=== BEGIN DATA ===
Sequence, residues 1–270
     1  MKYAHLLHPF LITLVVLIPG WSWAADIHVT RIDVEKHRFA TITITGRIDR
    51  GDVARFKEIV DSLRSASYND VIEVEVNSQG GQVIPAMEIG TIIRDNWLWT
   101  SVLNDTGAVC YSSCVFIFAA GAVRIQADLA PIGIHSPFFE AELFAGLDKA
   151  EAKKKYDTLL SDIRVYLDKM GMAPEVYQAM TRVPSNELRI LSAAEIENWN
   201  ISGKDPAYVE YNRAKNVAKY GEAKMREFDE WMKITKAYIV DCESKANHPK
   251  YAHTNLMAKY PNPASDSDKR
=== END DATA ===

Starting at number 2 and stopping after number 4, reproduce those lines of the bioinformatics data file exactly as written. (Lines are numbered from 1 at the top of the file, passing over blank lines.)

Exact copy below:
     1  MKYAHLLHPF LITLVVLIPG WSWAADIHVT RIDVEKHRFA TITITGRIDR
    51  GDVARFKEIV DSLRSASYND VIEVEVNSQG GQVIPAMEIG TIIRDNWLWT
   101  SVLNDTGAVC YSSCVFIFAA GAVRIQADLA PIGIHSPFFE AELFAGLDKA